Adjoining the dome tent, sunk into the snow, is the accumulated 380 meters of time in a bottle, the ice cores that record nearly every detail of the areas past climate.

We heard a helicopter approach again. Ronald and Terry had arrived to build the AMIGOS system. But stepping outside, we saw that the weather was declining. Terry and Ronald got right to work on the tower, thinking that we were going to get this in just under the wire. In fact, the wire had already swept past, with the ship and the ridge-top coming under increasing cloud and wind. Not terrible, but cloudy and frosty, with an ice fog and temperatures of about 10 degrees F.

We realized we would have to spend the night. The weather at Site Beta has been notoriously bad since December, when we were stuck in our tents waiting for pick-up. It could be ten days before a weather window that included the ship and the ridge-top site occurred again. Was the ship going to be pinned in Barilari Bay for ten days, waiting to fly us out? That would be a huge amount of resources to tie up. Not to mention boring the heck out of 44 of the worlds best polar scientists.

Ellen Mosely-Thompson provided tents and sleeping bags for the visitors.

We had minimal gear, just the survival bags that NSF issues anyone going into the field. But one of the keys to building a great survival bag is that you don’t want people using it unless the alternative is not surviving. So the gear is pretty light and simple. Fortunately, the camp had spare tents and gear. In fact, it was the bundled-up camp that Erin and I had worked from in December. By afternoon, Erin and Thai had set up a new suburb of Beta City, three tents and sleeping bags inside, for the four of us. Martin had stayed on the ship to organize the aborted follow-on installations.

We had a fun afternoon, snow falling, puttering away on the AMIGOS tower, snacking, chatting with the drill team. Dinner was a very international thing: Russian jokes, American jokes, Peruvian jokes, Girls on Ice jokes, and Swiss jokes (don’t tell Martin).

When not in the dome tent drilling ice cores, Ellen Mosely-Thompson's team spends much of its time in the cook tent.

But we were concerned about what we were going to do. Another day passed, and the weather was still bad. The helo pilots managed to fit in one flight, bringing up the main contractor from the ship for a look around; but it lasted just twenty minutes, in weather that was near impossible. Later, another pull-out was scheduled, but conditions were terrible: at one point, we saw the underside of the helicopter passing overhead, but it couldn’t land. We could stay for an extended time, there was plenty of food and fuel, but we would be unable to work on anything, and we would be holding up the ship.

We came up with a plan for a pull-out of ice core by Twin Otter (an aircraft  a two-engine delivery truck with wings) based in Rothera, a British base about 150 miles to the south. Could we go to Rothera and free up the ship to sail north to biological sites and use the T/O to do our installation work from Rothera?  We began making calls (on Iridium) and emails (on digital Iridiums).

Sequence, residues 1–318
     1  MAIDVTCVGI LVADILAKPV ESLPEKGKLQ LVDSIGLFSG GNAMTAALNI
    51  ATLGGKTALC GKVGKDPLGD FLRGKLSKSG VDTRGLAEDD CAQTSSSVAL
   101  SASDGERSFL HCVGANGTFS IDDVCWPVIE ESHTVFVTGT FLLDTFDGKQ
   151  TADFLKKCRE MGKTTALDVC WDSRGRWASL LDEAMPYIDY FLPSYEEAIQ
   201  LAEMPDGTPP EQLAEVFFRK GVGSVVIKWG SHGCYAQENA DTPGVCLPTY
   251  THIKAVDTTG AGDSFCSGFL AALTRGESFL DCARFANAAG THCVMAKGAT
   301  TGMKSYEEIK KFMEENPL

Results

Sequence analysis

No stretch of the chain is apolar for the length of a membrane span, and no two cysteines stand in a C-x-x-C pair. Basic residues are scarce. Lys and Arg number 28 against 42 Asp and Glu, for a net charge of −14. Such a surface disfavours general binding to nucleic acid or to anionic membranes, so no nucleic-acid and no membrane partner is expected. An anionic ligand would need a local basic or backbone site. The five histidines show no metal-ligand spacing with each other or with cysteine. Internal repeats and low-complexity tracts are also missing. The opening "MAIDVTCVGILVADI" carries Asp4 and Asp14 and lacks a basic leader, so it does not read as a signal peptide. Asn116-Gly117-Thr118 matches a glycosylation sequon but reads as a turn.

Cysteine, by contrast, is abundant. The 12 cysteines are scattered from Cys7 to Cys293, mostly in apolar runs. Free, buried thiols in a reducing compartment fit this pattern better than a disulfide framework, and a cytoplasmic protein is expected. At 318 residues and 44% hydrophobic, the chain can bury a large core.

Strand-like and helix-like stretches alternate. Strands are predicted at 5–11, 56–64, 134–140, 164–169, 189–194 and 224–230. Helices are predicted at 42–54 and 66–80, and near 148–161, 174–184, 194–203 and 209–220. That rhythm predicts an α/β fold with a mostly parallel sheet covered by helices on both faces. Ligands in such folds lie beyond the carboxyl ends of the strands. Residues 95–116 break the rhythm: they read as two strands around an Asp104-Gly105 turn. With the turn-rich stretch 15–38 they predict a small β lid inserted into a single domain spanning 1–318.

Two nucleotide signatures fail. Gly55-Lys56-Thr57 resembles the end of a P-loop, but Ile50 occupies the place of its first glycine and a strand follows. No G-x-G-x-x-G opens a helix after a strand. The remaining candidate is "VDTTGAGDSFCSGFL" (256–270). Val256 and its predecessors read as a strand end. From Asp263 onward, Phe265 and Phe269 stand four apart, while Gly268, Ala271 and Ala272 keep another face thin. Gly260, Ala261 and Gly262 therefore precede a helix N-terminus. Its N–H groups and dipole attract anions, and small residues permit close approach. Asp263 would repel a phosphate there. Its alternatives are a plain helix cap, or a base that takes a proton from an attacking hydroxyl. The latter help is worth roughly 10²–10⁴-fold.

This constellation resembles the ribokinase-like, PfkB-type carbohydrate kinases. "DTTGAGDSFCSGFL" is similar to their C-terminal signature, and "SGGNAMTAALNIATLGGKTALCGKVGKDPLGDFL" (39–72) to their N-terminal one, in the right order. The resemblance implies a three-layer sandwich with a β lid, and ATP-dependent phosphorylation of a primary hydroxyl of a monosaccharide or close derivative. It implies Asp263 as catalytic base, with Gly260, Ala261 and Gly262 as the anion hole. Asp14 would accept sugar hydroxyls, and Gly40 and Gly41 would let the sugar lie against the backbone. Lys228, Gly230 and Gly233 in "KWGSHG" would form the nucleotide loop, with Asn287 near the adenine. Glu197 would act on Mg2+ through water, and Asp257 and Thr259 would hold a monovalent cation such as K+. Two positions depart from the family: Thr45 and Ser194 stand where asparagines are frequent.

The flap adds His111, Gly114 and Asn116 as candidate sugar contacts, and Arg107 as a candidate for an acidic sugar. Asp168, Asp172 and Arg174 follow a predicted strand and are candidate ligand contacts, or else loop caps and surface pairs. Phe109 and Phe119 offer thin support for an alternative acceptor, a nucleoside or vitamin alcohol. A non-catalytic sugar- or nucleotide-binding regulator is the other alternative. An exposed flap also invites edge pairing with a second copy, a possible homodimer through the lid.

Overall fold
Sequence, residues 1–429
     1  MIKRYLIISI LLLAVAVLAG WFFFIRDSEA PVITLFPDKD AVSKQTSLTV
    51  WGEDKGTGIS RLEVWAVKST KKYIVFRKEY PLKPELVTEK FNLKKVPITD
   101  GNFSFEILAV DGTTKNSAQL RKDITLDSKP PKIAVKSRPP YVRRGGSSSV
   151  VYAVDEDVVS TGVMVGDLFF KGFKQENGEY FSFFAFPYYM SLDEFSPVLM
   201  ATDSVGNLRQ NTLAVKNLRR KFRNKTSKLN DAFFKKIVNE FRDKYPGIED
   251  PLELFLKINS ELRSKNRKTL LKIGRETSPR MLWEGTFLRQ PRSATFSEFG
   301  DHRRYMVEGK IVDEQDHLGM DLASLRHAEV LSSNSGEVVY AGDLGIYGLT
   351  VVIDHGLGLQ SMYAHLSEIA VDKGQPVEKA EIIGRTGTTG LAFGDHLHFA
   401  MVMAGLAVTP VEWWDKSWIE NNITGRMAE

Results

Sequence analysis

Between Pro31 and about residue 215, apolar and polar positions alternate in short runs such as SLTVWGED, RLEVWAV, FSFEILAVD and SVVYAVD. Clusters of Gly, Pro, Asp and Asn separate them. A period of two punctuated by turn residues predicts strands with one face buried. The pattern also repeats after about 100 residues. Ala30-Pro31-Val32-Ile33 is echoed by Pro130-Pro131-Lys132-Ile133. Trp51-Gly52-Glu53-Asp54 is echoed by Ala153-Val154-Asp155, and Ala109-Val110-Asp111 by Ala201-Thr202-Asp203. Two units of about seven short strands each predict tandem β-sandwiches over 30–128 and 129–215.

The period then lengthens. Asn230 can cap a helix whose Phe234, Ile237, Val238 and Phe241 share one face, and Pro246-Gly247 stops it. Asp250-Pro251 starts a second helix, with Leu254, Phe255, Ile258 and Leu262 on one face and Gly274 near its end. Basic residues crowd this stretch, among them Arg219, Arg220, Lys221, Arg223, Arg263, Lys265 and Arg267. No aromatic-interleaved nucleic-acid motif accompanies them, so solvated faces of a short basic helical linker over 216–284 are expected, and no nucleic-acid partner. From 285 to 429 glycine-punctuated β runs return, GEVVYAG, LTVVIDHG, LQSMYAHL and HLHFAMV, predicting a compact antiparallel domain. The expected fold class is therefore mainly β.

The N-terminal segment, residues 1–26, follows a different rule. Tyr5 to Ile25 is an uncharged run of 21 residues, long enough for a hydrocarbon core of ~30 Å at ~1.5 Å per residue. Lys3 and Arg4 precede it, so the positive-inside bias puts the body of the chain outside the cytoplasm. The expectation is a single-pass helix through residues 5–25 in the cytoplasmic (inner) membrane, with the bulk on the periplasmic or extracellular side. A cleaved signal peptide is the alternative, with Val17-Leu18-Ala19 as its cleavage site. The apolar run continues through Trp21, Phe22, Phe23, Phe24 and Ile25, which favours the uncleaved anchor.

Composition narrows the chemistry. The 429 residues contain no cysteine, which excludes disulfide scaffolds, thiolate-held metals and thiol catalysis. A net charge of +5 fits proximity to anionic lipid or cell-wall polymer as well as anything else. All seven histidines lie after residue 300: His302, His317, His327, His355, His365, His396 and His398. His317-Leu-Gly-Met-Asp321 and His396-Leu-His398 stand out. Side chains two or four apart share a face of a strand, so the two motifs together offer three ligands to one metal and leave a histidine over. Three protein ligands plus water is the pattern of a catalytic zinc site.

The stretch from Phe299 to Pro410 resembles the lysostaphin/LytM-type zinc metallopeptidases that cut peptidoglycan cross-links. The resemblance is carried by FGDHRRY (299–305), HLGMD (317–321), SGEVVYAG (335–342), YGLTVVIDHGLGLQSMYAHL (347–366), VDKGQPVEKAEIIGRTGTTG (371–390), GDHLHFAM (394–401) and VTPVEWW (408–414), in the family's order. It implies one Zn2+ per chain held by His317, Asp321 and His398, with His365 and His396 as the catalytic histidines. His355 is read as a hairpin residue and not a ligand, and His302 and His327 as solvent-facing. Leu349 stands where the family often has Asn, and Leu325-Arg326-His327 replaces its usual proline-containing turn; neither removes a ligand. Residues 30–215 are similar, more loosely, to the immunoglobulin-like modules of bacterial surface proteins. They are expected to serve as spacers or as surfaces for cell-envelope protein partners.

The next day brought beautiful conditions to Site Beta, a rare day indeed. But the ship was totally socked in. No final word yet on our Twin Otter plan, but a Twin Otter was already on the way, to take ice cores to the Rothera freezer.

Terry Haran smiles after "body surfing" the Bruce Plateau.

Erin and Terry did a last re-survey, to ensure we had good GPS topography data of the region. Erin drove, and Terry rode along to hold the GPS upright. But in blue-sky, sunny, dry snow conditions, any outing is a joy ride. “I body surfed the Bruce Plateau!” Terry said.

We asked for space on board and in exchange for five boxes of time coming out, there was enough room for us. We flew. On laughter-silvered wings.

Ronald Ross, Erin Pettit, Ted Scambos, and Terry Haran squeezed into a Twin Otter for a flight from Site Beta to Rothera Station.

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Waiting for clear weather

January 19, 2010

A moment of sunshine reveals the landscape of the western Antarctic Peninsula

Ted writes: The N.B. Palmer now sits off the west coast of the Antarctic Peninsula. We are waiting for clear conditions to install the AMIGOS stations and other instruments. Most of the time the landscape invisible with drizzle, snow flurries, and fog. It’s quite amazing when the fog lifts momentarily to reveal an astoundingly stark and majestic setting. We are typically cruising in fjords with 1000-foot cliffs, ridges, and glaciers surrounding us.

Almost as soon as we arrived, we saw the closest thing to a break in the clouds. Marin and Erin set up a flight to recon the AMIGOS and UNAVCO GPS sites, and from this side it looked like a “go.” As we watched from below, the helo took off, heading for the glacier pass to the eastern side of the peninsula, and then slowed,hovered, and moved in sequence to each of the valleys, peering at the ridge crest. Within 20 minutes they were back. The entire eastern side was clouded, with no breaks at all.

We are continuing to improve the software and integrate the newest sensor on the AMIGOS, a precision GPS sensor (centimeter to millimeter level positioning) incorporated into a single electronic board (built by TopCon, Inc., a new system called GRS-1). Ronald and Terry have most of the AMIGOS brains–the white boxes that contain their electronics–out in the workspace on the first deck of the ship. Ronald and Terry are re-writing the code that they will run when we install them to maximize data collection and power/upload efficiency.

We await clear weather…in one of the cloudiest places on Earth.

Patience.